Since Americans spend so much of their lives working, it makes sense that depression affects people on the job well as outside of work. In fact, clinical depression is a very costly illness for businesses. According to the organization Mental Health America, more than 200 million days of work are missed each year due to employee depression, mostly by women, not to mention lost productivity at work and the measurable costs of treatment. In one corporate study, depression and its associated disorders were responsible for more than half of all the mental-health plan dollars spent by the companies, nearing the amount their medical plans spent on treating employee heart disease.

Yet employees suffering from depression do not always seek treatment. They may be unaware they’re depressed, or fear they’ll lose their jobs if they reveal they’re depressed. Perhaps they don’t realize their health insurance covers treatment for depression. And so they report to work, physically present but mentally impaired. This so-called “presenteeism” can greatly hamper productivity, not just for the depressed employees but for others with whom they work. A Tufts University study found that depressed individuals had a significantly tougher time managing their job-related tasks than people without depression, and more of them suffered job losses.

The good news? More than four-fifths of depressed people can be helped. The first step is to recognize that you’re suffering from depression. Fatigue, irritability, inability to concentrate, and persistent feelings of sadness may indicate that you have a problem. If you have close friends at work you may want to confide in them, but think twice before making a department-wide announcement. You may need time away from work; check with your human resources department about taking a disability leave. Speak to your doctor about starting treatment, whether it’s antidepressants or counseling or both. If you and your doctor determine that you can stay on the job, there are things you can do to make your workday easier:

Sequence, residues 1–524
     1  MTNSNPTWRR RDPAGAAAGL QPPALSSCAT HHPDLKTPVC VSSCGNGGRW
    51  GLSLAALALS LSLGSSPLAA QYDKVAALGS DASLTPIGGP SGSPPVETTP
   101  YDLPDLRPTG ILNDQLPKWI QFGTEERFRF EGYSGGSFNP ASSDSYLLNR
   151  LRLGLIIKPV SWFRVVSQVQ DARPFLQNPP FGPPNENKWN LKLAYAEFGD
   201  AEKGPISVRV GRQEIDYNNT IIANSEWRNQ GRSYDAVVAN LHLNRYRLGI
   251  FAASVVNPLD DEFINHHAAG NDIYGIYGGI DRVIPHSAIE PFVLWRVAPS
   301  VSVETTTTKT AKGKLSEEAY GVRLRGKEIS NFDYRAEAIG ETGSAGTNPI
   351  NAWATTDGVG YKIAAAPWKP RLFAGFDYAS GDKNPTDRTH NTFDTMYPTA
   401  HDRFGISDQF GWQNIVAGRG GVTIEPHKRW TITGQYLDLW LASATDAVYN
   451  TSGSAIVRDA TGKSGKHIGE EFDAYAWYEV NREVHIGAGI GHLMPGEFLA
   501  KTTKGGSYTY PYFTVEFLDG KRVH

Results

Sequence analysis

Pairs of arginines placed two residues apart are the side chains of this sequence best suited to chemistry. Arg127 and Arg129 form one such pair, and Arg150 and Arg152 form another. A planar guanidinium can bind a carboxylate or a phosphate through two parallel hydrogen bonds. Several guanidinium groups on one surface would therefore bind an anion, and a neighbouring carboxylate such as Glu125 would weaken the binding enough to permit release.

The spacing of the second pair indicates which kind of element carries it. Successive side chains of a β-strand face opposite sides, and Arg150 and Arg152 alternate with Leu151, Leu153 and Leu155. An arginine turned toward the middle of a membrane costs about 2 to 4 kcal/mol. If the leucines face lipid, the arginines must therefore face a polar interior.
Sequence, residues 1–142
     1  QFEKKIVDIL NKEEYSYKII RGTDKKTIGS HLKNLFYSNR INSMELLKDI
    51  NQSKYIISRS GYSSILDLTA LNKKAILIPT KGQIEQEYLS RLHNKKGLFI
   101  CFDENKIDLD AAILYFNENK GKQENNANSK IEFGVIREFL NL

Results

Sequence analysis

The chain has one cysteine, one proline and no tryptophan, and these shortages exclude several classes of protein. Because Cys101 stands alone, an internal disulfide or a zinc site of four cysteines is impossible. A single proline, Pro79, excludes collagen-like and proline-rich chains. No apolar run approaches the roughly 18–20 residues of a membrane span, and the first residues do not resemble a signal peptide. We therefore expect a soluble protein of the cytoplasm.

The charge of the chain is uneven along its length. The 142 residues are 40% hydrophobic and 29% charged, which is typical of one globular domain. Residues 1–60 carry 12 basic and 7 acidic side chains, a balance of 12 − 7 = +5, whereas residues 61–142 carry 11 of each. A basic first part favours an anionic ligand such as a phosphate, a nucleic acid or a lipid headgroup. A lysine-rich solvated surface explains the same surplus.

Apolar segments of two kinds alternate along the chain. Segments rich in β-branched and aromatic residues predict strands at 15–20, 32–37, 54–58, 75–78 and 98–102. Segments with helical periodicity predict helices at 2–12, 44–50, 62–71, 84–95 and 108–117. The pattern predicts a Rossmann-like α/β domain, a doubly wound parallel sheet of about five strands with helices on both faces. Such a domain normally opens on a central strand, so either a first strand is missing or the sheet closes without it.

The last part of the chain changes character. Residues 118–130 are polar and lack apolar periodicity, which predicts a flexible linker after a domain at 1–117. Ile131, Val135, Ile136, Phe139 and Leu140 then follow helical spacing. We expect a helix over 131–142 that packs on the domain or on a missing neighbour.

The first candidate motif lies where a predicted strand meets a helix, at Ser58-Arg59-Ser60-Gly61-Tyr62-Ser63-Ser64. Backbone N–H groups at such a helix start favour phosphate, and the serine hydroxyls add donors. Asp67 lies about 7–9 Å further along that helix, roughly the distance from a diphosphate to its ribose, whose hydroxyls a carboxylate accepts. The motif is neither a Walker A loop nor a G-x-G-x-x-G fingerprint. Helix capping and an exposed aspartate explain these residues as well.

• Break large tasks into small chunks. After completing each one, give yourself a small reward such as a five-minute stretching session or the promise of a noontime walk in the sun.
  • Keep your calendar up to date, with clearly marked deadlines.
  • Eat lunch with your coworkers every day. Keeping yourself isolated will only worsen your symptoms.
  • Print and save every note, card or comment from others praising your work.

Remember, depression is a manageable illness—it’s all a matter of reaching out to the resources around you.